'She does not love you.'
'It's not like I don't understand that,' Eliza reminds herself. She clenches her jaw at the memory that resurfaces. 'It was the same for you and him. Kyle.'
A wave of primal satisfaction sweeps over her when she realizes that it took her a minute to think of his name. She smirks to herself. Getting rid of that name, getting rid of that face will be like getting rid of an ugly stain she's carried around on her skin since he chose to forget she even existed.
'But who's fault was that?' She insists viciously. 'You're the one who screwed up, not him. You're always screwing up! You never could leave well enough alone. You had to be a glutton for punishment and wonder if even an ugly face like yours could win a guy over. And god, you were fat, too!'
Eliza pictures herself as she would have looked around the time of her memory. Large, poorly complexioned, and, as always, the ugly duckling of any group. Just thinking about it almost brings tears to her eyes, which only serves to aggravate Eliza. It was her own fault for being lazy and letting herself get fat. And her zits, well, that was the fault of genetics. And as for her face? That was (that is, she reminds herself) just proof that yes, there is a god, and yes, he hates her.
For a second Eliza lets the bitter rejection wash over her. Then she forces herself to focus on something else. Even her original question is more pleasant than those memories.
'What drives a person to do that?' She asks herself again.
Being treated like a tool hurts. Being thrown away hurts. Being mocked hurts.
'But since it's the same, does Kyle deserve to die?'
'It wasn't his fault,' the forgiving part of Eliza's mind replies. 'It was yours. You screwed up. You have to accept responsibility for that and not blame Kyle.'
'But he treated you like you were NOTHING,' spits back the angry part of Eliza's mind.
'But to kill him like that…,' a shudder goes down Eliza's spine.
Suddenly the age-old question pops into her mind.
'How do I know how he killed her?'
It's a perfectly logical question with no answer that's been bothering her since she first had the nightmare six months ago. She never actually witnesses the murder, a fact for which she is grateful. She never even gets a close look at the body, although she's seen some poorly lighted glimpses from a distance. So why is it that she knows exactly what happened to Stephany?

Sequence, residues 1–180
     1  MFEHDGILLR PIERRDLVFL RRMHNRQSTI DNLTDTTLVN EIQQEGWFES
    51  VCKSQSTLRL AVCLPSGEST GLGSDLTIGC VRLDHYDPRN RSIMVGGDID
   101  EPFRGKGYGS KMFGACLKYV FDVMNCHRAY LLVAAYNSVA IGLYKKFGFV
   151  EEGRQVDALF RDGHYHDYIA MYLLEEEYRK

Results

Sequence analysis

'Raped, murdered, and left at the top of the hill. She wouldn't have even been found if those passer-bys hadn't seen the vultures,' The words seem to pop into Eliza's mind out of nowhere. The last part she knows courtesy of Liam and Cole.
Eliza sighs and turns off the water. She pulls herself out of the shower carefully and wraps herself in her towel, shivering. The bathroom was always either too hot or to cold; there is no inbetween. But hell, there never is any inbetween with the Fuller family.
'Sometimes I just think they're out to make me miserable,' thinks Eliza moresely as she wipes her face off.
That seems to be a plausible theory. They couldn't make it any plainer that they dislike her but, at the same time, are apathetic to her existence. Sometimes that makes her grateful. At least they don't all hate her. And being all affectionate and welcoming would be just as bad. A freak like Eliza would be a total disappointment to them if they'd been expecting someone they could like. It's better to be left mostly alone. That basically described her life, and she'd long since stopped caring whether anyone noticed whether or not she ate or where she slept or even who she was. Ignorance is always better than cruelty.
Eliza kneels down by the cabinets beneath the sink and pulls out her hair dryer. She plugs it in and starts shaking her head to help get the air to her roots. Water sprays all over the walls and the foggy mirror. For a second she stops moving and stares at herself in the partially obscured surface. She is nothing more than a peach-and-pink blur (thanks to her towel). Her face is indiscernible.
'This is how I look best,' Eliza thinks. She turns to allow the blow dryer to get the other side, and in the process glances away from the mirror. She's long since accepted that she's ugly, but it's still hard to deal with. She used to be pretty, but she hadn't realized it. She believed at the time that she had to change in order to become beautiful.